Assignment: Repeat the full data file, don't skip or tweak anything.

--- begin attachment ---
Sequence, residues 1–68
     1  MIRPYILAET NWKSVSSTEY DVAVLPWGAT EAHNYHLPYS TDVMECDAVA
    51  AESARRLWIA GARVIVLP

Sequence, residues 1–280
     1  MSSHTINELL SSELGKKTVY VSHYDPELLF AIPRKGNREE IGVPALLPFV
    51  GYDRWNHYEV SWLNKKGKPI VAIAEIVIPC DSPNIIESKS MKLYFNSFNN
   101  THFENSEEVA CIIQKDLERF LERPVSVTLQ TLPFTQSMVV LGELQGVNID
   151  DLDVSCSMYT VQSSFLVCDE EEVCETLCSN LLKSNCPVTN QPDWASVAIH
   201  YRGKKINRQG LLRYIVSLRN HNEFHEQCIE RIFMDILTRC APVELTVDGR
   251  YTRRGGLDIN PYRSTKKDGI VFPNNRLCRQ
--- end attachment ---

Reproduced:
Sequence, residues 1–68
     1  MIRPYILAET NWKSVSSTEY DVAVLPWGAT EAHNYHLPYS TDVMECDAVA
    51  AESARRLWIA GARVIVLP

Sequence, residues 1–280
     1  MSSHTINELL SSELGKKTVY VSHYDPELLF AIPRKGNREE IGVPALLPFV
    51  GYDRWNHYEV SWLNKKGKPI VAIAEIVIPC DSPNIIESKS MKLYFNSFNN
   101  THFENSEEVA CIIQKDLERF LERPVSVTLQ TLPFTQSMVV LGELQGVNID
   151  DLDVSCSMYT VQSSFLVCDE EEVCETLCSN LLKSNCPVTN QPDWASVAIH
   201  YRGKKINRQG LLRYIVSLRN HNEFHEQCIE RIFMDILTRC APVELTVDGR
   251  YTRRGGLDIN PYRSTKKDGI VFPNNRLCRQ